About a year ago, the Town of Hotchkiss put in a new water tank, Public Works Director Mike Owens said. However, before the tank is used, the last thing that needs to be done is for the aluminum lid to be sealed to the steel tank.
The new tank’s lid seal is a job for Ultra Flow Dispense, LLC, according to Owens. Ultra Flow Dispense is subcontracted by Doughty Steel, which won the bid to install the new water tank.
“When the dome was initially installed, the seal wasn’t put in, so they’ve got to come back and do that but they also got other jobs going, so we’re trying to get scheduled to get them back in here,” Owens said. Ultra Flow is supposed to come this month.
Once it’s usable, the new tank will be replacing the oldest of the town’s water tanks at the same site. The new and the current tanks sit side by side on the hill north of town, between the town and the water treatment plant. Owens mentioned that “nobody really knows” how old the current tank is, guessing it may have been built in the 1960s or 1970s.
At this point, the current tank is at a point where maintenance would grow in cost. Over the years, the tank underwent several paint jobs, using the specific paint approved by the American Water Works Association (AWWA) for protecting the steel from rust without contaminating the water in the tank or emitting any toxins. Last time the tank was painted, the steel was pitted with rust, Owens said. The town knew that it would be more of a replacement job before the tank would need painting again.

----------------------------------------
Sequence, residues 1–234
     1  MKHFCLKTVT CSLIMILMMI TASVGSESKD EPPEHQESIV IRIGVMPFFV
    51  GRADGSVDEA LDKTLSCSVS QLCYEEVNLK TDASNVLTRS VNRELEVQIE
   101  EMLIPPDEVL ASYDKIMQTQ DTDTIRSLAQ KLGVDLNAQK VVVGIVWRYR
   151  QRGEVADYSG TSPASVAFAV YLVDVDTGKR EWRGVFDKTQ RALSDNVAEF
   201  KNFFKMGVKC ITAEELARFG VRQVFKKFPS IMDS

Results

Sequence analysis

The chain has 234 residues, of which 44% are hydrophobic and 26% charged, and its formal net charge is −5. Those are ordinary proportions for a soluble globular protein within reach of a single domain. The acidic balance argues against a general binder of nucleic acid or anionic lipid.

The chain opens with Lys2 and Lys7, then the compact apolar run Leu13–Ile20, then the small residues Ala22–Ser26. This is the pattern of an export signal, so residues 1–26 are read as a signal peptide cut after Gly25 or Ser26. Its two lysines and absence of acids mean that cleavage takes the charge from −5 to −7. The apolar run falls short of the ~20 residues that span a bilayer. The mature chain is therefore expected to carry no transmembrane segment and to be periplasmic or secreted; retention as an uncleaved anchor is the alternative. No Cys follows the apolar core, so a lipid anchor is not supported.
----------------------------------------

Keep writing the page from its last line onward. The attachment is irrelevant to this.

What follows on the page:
Once the lid is sealed, the tank will sit empty for a period of time so that the public works department can inspect the movement of the lid on top of the tank. Due to the aluminum lid on a steel tank, the material of each piece will move in different ways as temperatures change.
“[The lid is] designed to move on top of that steel tank and depending on what the seal is on the tank is kind of going to determine how much it’s able to,” Owens said.
The domed aluminum lid is not a feature of the old water tank. Instead, the old tank has a flat, steel roof supported from the inside by support columns. The problem with the columns, according to Owens, is that, over the years, much of the water turns to ice in the colder months. As the water level fluctuates, as it does in all water tanks, the ice wears away at the support columns in the tank.
The new tank’s aluminum dome roof deters snow from collecting on top and the material is much lighter than steel. For both of these reasons, the new tank doesn’t need support columns inside.
Regarding time restraints, Owens said that he wants the new tank to be ready soon but that it’s not an urgent matter.
“Time’s an issue, but we’d rather have it done right,” Owens said. “We’ve got another tank right there that’s in use, and when the new one’s online, Doughty, part of their contract is to tear down the old tank.”
The project is already past its original finish date, as Owens expected the tank to be ready for use by now. There is currently no known specific date of completion for the new tank’s lid.